Companies may not consider the interdependencies between critical operations, departments, personnel, and services until an event disrupts normal operations. A Business Impact Analysis (BIA), a key component in business continuity planning, presents the ability to identify and quantify which business unit that, when absent, would significantly impact a company. While the size and complexity of essential business elements required for sustainability varies among industries, companies, and specific facilities, the ability to quantify and prioritize critical workflow components is a key business continuity element.
Critical business units, associated functions, and a trained workforce provide the greatest financial value to companies. Companies that prioritize process sustainability initiatives that can meet recovery time objectives have a better chance of minimizing impacts of impeding disruptions.
Within each key business unit, additional business functions should be considered and evaluated. By identifying cross business unit dependencies, the need for integrated risk mitigation solutions can be highlighted and proactive measures can be taken. A workflow analysis may prioritize those business functions and processes that must be recovered in order for business continuity plans to be effective. Functions within each business unit may include, but are not limited to:
- Supply and trading
- Personnel and payroll
- Accounts payable
- Environmental health and safety
- Information technology
Once critical business functions and workflows are assessed and prioritized, a BIA should be performed. The goal of the analysis should be to identify the potential impacts of identified risks, uncontrolled threats, and potential non-specific events on these business functions and dynamic processes. Any potential resilience capabilities should be prioritized and mitigation opportunities should be examined. Operational and process managers should explore and quantify the following aspects to initiate the BIA process:
- Identify critical operational time periods when an interruption would have greater impacts (seasonal, end of quarter, specific month, etc.).
- Priorities should be determined if an interruption during high-output timeframes creates amplified operational and financial impacts.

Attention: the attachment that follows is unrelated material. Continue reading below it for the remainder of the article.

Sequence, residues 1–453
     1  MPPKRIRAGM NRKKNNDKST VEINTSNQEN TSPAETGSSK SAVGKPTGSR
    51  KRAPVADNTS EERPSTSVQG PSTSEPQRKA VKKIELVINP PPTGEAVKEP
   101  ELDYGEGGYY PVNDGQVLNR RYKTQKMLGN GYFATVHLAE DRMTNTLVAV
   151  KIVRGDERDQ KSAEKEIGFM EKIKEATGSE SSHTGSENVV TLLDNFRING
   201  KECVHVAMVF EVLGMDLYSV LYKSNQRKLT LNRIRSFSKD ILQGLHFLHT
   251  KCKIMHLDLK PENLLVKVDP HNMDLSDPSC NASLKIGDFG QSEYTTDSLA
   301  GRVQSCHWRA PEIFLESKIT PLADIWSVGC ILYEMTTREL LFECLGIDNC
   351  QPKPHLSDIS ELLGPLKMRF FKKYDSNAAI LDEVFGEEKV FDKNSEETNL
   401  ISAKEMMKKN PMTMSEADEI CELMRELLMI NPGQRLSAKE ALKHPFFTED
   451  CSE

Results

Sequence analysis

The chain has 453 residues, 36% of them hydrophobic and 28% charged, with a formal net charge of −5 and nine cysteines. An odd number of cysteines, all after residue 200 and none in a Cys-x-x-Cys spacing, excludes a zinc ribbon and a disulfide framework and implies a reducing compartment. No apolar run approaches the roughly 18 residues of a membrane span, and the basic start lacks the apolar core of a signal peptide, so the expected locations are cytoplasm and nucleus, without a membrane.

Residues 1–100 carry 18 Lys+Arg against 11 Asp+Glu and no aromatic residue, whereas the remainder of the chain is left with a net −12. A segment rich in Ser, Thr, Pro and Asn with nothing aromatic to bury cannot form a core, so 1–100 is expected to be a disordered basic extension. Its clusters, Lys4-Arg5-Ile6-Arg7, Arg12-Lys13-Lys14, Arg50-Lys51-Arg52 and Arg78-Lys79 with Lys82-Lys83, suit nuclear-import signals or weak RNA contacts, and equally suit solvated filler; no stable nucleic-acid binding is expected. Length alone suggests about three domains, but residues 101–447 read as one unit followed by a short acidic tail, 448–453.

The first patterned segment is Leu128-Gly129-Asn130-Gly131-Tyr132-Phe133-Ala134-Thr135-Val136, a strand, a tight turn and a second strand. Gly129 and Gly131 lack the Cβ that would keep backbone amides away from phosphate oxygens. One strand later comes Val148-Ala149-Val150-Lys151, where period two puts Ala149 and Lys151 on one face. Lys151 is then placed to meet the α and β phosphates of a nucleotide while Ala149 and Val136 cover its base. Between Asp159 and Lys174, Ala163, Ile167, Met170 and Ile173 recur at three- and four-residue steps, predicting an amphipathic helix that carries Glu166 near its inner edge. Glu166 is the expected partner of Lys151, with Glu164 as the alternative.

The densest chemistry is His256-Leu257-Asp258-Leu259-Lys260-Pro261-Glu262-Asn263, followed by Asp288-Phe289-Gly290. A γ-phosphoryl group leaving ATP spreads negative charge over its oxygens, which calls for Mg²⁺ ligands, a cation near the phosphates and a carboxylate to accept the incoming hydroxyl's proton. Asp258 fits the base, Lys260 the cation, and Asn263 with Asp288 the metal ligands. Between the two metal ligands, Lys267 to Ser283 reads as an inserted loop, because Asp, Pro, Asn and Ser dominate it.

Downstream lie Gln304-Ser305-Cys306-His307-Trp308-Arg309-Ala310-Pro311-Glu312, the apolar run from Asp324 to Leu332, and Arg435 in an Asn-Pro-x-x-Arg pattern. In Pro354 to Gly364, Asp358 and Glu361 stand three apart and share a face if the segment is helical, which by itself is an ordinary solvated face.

- Indicate how likely each specific threat could occur, considering existing capabilities, mitigation measures, and history.
- Identify the duration and point in time when an interruption would impair operational processes and have financial impact.
- Estimate the maximum allowable downtime for each specific business function
- Consider downtime impacts from less than 1 hour to greater than one month
- Identify staffing level requirements (including contractors or suppliers) to meet typical daily productivity goals, as well as recovery time objectives.
- Identify the effects associated with a business unit interruption, considering existing mitigation measures. These may include, but are not limited to:
- Lost sales and income
- Negative cash flow resulting from delayed sales or income
- Increased expenses due to overtime, outsourcing or other operations that increase costs
- Regulatory fines and legal implications
- Contractual penalties or loss of contractual bonuses
- Customer dissatisfaction or withdrawal
- Delay of business plan execution or strategic initiatives
- Identify the time frame necessary to recover specific critical processes under existing capabilities and, if possible, potentially altered conditions.
- Determine and quantify financial impacts, considering existing mitigation measures.
- Critical functions that have the highest financial impacts should be prioritized in business continuity plans.
If a business continuity incident affects two or more business processes, the incident has a greater potential for impact. Interoperable communication and coordination among departments must be exercised for a swift recovery. The effects of a multi-tiered business continuity event can extend beyond the facility borders to affect personnel, multiple critical business processes, vendors or suppliers, and customers.
Adverse information technology (IT) conditions may affect numerous company departments, units and functions. IT components may include networks, servers, desktop and laptop computers and wireless devices. The ability to utilize both office productivity and enterprise-wide software may be essential to restore normal operations. Therefore, time critical recovery strategies for information technology, such as exercised data backup and restoration procedures, should be developed in order to limit the effects of interruptions across multiple business units.
Once critical business units are identified and the BIA is completed, companies can develop an applicable business continuity plan, ensuring a faster state of recovery.